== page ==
Austin Film Festival Review: Down With the King

Freddie Gibbs finds a new flow as a rapper in the country

Freddie Gibbs in Down With the King

With its logline of "rapper goes to live with farmers," if Down With the King had been pitched to a major studio, it would have ended up a goofy comedy starring Kevin Hart. Instead, writer/director Diego Ongaro and MC Freddie Gibbs craft a drama that is both observational and enigmatic.

The pitch is the same, but rather than some hackneyed scene about Mercury Maxwell (Gibbs) breaking down in some podunk town, or some whackiness with his entourage and the locals, Down with the King begins with real farm life. Maxwell on a small farm in Massachusetts, dressed completely inappropriately for the setting, in that kind of early morning awe that you only get when you're out in the countryside, and the sun is just right, and the mist is perfect. Then he's helping farmer Bob (actual farmer Bob Tarasuk, from Ongaro's 2010 Sundance breakout-turned-2015 feature Bob and the Trees) butcher and dress a pig in the barn. And he's into it.

It's hard not to detect a trace of bitter irony in the title, taken from Run-D.M.C.'s 1993 comeback album on which they dumped the by-then passé bucket hats and gold chains for harder beats and rhymes that kept them in the conversation with the new generation of megasellers like Snoop and Tupac. Gibbs and, by inference, Maxwell are the heirs of that inheritance, and it's clear neither is too happy with where that's left them. Down With the King the album was a response to a rap scene that was leaving the originators behind: Down With the King the film is about a musician abdicating his throne, an existential crisis laid out with delicacy and insight.

There's an improvised feel, much of it due to the fact that neither Gibbs nor Tarasuk are seasoned actors. Instead, they freely inhabit their characters. Gibbs in particular fills the seemingly-indomitable Maxwell with doubt and self-doubt. He gives the story particular insight into the rap game (a pointed conversation about the genre's violent baggage is especially loaded), but never lets the narrative fall into the easy traps of the "musician moves to the country, falls in love, finds new life in nature" predictable path.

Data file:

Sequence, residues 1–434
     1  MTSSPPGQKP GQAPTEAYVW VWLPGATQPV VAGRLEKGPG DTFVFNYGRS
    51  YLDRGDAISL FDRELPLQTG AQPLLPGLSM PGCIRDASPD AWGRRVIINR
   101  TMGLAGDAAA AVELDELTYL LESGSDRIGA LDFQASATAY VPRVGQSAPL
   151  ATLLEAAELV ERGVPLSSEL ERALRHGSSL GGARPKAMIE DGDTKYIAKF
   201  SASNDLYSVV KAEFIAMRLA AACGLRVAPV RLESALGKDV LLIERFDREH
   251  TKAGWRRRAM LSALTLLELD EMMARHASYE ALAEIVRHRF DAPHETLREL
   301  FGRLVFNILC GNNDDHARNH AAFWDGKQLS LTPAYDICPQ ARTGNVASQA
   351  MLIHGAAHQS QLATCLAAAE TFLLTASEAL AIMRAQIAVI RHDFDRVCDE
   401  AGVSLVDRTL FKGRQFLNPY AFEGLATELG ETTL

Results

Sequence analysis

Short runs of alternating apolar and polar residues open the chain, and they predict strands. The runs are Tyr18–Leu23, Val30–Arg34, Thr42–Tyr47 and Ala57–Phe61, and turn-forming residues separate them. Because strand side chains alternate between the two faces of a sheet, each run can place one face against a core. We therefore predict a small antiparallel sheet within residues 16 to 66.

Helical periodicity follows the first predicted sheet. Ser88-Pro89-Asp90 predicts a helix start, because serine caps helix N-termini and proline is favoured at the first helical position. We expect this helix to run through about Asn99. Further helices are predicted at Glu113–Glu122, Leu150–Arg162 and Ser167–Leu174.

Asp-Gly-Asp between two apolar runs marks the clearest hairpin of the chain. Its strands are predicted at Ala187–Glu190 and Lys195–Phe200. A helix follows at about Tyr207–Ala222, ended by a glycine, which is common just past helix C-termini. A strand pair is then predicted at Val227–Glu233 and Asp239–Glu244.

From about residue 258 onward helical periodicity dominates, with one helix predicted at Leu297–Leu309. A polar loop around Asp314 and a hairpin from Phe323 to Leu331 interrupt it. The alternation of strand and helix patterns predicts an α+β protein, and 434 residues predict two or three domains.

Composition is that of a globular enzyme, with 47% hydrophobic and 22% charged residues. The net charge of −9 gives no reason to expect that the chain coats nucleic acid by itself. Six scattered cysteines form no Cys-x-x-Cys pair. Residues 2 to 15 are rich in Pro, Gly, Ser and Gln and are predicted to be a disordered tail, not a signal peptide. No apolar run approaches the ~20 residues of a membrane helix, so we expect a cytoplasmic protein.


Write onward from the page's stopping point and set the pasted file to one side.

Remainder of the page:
Those beats are there but Down With the King plays against them, especially in Maxwell's burgeoning relationship with shop worker Michaele (Jamie Neumann, The Deuce, Lovecraft Country). It's a plot we've seen hundreds of times (it's one wrecked fence from being Doc Hollywood) but there's an edge of desperation, of Maxwell trying to break out of the life he no longer wants but realizing that he can't just put on a new rural existence like a fresh pair of sneakers. It's not a learning curve about becoming a son of the soil, but about finding himself, and much of that comes from working out what he isn't. That leads to desperation, and that's what Gibbs emotes to subtly and powerfully. It's a portrait of confusion, Maxwell's nature obscured from himself as much as the woodlands (elegantly captured by cinematographer Daniel Vecchi one) are hidden by mists.

In its introspective honesty, Down With the King finds kinship with two other recent portraits of lost male identity: Sound of Metal and Moghul Mowgli, both starring Riz Ahmed. But it's not in the music industry backdrop they all share: rather, it's in that shared sympathetically-depicted search for a sense of self after all the old metrics become meaningless.

Down With the King

Marquee Feature
North American Premiere

Austin Film Festival, Oct. 21-28. Find all our news, reviews, and interviews at

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Austin Film Festival, Austin Film Festival 2021, Down With the King, Freddie Gibbs, Bob Tarasuk, Diego Ongaro

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